Syrian rebel groups say they are suspending participation in the preparations for peace talks planned by Russia and Turkey for later this month.
In a statement, the rebels cited “many and large violations” of the ceasefire by the Syrian government as the reason for their move.
Turkey and Russia brokered the ceasefire deal that has mostly held since last Thursday.
The peace talks are due to be held in Astana, Kazakhstan.
“The regime and its allies have continued firing and committed many and large violations,” said the statement signed by a number of Syrian rebel groups on Monday.
“As these violations are continuing, the rebel factions announce… the freezing of all discussion linked to the Astana negotiations,” they said.
The statement highlighted fighting in the rebel-held region of Wadi Barada near Damascus, which they allege has been subjected to almost-daily bombing raids. In recent weeks the rebels have accused the government and its allies of trying to recapture the area, which supplies water to the capital.
While the rebels “respected the ceasefire across the whole of Syria… the regime and its allies have not stopped shooting”.
The military has denied the allegations which the rebels say jeopardise the entire peace process.
“Any [advance] on the ground goes against the agreement and if things don’t return to how they were before, the accord will be considered null and void,” the rebel statement said.
On New Year’s Eve, the United Nations Security Council voted unanimously to welcome the Russia-Turkey efforts to end the Syrian fighting and to organise peace talks.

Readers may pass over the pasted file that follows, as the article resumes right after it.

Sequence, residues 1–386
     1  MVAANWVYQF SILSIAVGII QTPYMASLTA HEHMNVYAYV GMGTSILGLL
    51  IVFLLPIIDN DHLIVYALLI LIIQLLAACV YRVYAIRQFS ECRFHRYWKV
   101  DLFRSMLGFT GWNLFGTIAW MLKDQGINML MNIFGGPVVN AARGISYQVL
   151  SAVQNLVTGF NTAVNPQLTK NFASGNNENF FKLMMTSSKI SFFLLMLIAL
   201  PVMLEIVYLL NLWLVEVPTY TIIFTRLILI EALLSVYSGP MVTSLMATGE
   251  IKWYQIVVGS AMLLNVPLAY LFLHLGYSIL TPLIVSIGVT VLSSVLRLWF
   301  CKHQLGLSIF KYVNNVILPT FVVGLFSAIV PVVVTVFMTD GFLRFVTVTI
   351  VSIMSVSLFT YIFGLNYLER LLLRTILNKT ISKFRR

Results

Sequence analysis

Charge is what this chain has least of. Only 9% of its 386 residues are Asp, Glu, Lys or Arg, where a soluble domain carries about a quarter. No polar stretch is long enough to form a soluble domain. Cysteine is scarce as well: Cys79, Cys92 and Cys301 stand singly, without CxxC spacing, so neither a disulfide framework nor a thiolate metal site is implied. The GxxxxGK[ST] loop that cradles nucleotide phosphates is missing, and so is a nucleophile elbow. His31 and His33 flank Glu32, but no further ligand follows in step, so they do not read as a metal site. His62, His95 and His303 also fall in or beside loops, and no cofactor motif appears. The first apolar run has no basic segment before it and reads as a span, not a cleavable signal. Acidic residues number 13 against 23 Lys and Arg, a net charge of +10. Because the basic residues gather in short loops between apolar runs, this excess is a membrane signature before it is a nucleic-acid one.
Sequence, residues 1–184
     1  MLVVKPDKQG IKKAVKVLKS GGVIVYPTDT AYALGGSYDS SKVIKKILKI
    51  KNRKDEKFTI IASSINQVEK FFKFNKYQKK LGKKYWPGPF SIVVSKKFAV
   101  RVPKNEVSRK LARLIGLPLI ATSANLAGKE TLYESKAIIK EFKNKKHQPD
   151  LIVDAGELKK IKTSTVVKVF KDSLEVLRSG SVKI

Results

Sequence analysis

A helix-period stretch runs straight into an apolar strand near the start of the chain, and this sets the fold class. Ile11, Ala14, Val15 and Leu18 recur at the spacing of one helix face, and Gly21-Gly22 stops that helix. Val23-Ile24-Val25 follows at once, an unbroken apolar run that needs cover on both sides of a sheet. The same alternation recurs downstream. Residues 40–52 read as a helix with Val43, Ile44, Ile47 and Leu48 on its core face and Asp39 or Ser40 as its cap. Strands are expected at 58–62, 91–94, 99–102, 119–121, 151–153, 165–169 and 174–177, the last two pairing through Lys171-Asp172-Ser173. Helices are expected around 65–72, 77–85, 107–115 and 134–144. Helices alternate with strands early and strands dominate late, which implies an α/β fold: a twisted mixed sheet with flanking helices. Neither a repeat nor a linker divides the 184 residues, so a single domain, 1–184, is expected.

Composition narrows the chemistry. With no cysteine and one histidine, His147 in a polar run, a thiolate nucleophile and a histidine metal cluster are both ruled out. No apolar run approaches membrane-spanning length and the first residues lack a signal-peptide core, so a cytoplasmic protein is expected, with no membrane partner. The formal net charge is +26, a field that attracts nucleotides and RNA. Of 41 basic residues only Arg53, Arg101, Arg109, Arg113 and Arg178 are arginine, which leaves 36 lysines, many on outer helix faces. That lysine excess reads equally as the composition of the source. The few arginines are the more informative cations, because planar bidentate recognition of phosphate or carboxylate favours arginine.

The new ceasefire deal applies across Syria but excludes the jihadists of so-called Islamic State (IS) and Jabhat Fateh al-Sham (JFS), and the Kurdish YPG militia.
Who is included in the truce agreement?
On the one side, Syrian government forces, allied militias and the Russian military.
On the other, the FSA plus several other groups.
The Russian defence ministry named seven “moderate opposition formations” included in the truce as Faylaq al-Sham, Ahrar al-Sham, Jaysh al-Islam, Thuwwar Ahl al-Sham, Jaysh al-Mujahidin, Jaysh Idlib and Jabhah al-Shamiya.
Ahrar al-Sham, which said it had “reservations” about the deal, and Jaysh al-Islam are Islamist groups that Russia has previously described as terrorist organisations.
Who is not included?
IS and JFS and the groups affiliated to them are not part of the agreement, according to the Syrian army.
JFS said on Friday it would continue to fight President Assad, with a spokesman saying the political solution under the truce would “reproduce the criminal regime”.
Members of the group are currently operating as part of a rebel alliance that controls Idlib province.
The FSA also said the deal did not include the Kurdish Popular Protection Units (YPG).
The militia, which has captured large swathes of north-eastern Syria from IS with US support, is designated a terrorist organisation by Turkey.
The truce is nominally nationwide, although it really only covers the areas where the sides who have signed up have a presence – western Syria.
Map showing control of Syria and Iraq (28 December 2016)